02 November 2006

NOEL MANDER, who has died, aged 93, was a remarkable organ-builder. From his combined home and organ works in Bethnal Green (where, thankfully, the firm is still based), he championed the cause of classical structure and mechanical action long before they became accepted as best practice.

As a schoolboy in London in the late 1950s, visiting St Martin's, Ludgate Hill, I had just managed to open the organ and start playing when a voice over my shoulder said: "How did you get into this?"

It was Noel; and, instead of being cross, he merely said: "If you're that interested, you'd better come and see what I do: I'm the organ-builder." And he drove me there and then to Bethnal Green, on the first of many visits to the remarkable complex of church, school, schoolmaster's house, and (later) the parsonage house, where he worked and lived with Enid and their five children.

The music room, with an array of 17th- and 18th-century organs, was a wonderful setting for the frequent parties to celebrate the completion of a restored instrument.

Starting in publishing after school (which he hated), Mander soon moved into organ-building, initially with Hill, Norman & Beard. After war service, he returned to a scene of destruction. As a Londoner who loved the City, and who had, with the help (and sometimes connivance) of his friend Archdeacon Michael Hodgins, rescued many war-damaged instruments, he knew the organs of London better than anyone.

He understood the relationship of the case to the instrument of which it was an integral part, and from his organ for the rebuilt St Vedast's, Foster Lane, onwards set a trend against the overblown and sprawling instruments of the 1950s and 1960s which electric action had made possible.

Noel built organs great and small; he never passed an interesting instrument by, and he believed that there was always something to learn from his predecessors. From the extraordinarily painstaking restoration of the 17th-century organ at Aldington Hall, Cheshire, in 1959 onwards, he was known as someone to whom you could entrust a bruised and battered instrument, and know that he could bring it to life - its own life.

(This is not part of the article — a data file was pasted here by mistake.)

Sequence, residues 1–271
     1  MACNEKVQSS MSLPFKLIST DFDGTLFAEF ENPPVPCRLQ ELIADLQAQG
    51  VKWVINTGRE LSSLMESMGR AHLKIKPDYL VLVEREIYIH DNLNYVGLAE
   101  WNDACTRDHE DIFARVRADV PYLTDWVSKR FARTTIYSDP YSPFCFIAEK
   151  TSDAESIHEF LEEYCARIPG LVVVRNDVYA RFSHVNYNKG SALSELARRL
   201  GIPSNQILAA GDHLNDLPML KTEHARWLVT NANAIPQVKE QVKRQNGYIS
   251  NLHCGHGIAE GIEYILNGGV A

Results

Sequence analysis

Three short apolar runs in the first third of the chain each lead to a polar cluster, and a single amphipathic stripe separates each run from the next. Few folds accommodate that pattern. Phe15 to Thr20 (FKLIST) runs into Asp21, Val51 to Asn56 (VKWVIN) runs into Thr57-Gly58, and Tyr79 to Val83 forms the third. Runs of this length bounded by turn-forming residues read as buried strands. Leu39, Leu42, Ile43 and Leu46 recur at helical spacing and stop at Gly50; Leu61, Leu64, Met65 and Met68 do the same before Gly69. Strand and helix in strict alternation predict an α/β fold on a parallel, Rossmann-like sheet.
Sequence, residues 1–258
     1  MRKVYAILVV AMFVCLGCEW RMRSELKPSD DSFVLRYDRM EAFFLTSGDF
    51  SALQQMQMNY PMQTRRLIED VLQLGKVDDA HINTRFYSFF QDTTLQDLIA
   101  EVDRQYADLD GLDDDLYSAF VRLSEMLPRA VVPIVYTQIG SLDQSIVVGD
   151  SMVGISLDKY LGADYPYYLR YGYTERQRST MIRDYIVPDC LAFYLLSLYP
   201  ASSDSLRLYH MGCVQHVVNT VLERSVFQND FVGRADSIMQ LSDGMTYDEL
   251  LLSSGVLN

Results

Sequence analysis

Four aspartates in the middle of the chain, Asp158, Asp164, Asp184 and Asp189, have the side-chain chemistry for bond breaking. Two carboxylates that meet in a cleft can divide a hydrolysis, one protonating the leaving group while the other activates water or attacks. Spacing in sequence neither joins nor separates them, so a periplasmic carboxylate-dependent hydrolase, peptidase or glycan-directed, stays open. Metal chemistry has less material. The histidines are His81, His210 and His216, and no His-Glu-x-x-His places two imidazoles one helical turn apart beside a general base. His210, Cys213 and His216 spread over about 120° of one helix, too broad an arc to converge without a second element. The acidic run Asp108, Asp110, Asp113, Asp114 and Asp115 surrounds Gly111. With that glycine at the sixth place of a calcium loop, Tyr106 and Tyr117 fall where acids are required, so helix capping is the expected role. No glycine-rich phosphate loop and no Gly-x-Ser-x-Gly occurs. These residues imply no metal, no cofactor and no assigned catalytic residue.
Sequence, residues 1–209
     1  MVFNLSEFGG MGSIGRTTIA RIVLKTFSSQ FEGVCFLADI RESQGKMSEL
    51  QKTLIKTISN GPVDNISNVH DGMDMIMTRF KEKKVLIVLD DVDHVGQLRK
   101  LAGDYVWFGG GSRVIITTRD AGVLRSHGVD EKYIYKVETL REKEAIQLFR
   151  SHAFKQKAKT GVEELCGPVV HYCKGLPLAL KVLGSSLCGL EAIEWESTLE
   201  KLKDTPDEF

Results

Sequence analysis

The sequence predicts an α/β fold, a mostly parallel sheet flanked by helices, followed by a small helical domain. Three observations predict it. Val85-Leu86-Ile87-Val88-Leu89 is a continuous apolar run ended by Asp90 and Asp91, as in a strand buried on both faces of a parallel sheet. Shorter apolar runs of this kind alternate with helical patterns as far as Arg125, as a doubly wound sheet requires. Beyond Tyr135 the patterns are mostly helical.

In church organs, Noel was interested in placing the organ where it could be seen and heard, and where it could help people sing. When he rebuilt the organ in Canterbury Cathedral, he put a small division halfway down the north wall of the nave: it has only six stops, but it can be used to lead a congregation of a thousand.

The culmination of his work was the rebuilding of the organ in St Paul's Cathedral, from 1972 to 1978. Noel knew the building, and understood the problems that Willis had tried to solve by adding large choruses in the dome. He championed the restoration of the organ to its Wren screen, from which it had been removed in the 1860s, and got his friend Dennis Flanders to draw a winsome design, which would have helped make liturgical as well as musical sense of the great dome area.

Noel had to accept that this - like many of his ideas - was ahead of its time, but worked hard at unifying the revitalised Father Willis instrument in the choir with his new dome choruses and the remarkable west-end section. He made it possible for the first time for a huge congregation in St Paul's to sing together.

The St Paul's organ is a triumph: it could have been built only by someone who knew the building and how it was used, and who knew and loved the original Willis organ, and wanted it to sing again with integrity.

Noel was an old-fashioned churchman of decided opinions, a member of the Parish Clerks, and an instinctive organ-builder, who more than anyone else of his generation paved the way for the respectful and accurate conservation of old organs. And he was great company. To his delight, his son John, whom he sent to Von Beckerath in Germany for his apprenticeship, now leads this internationally respected firm.

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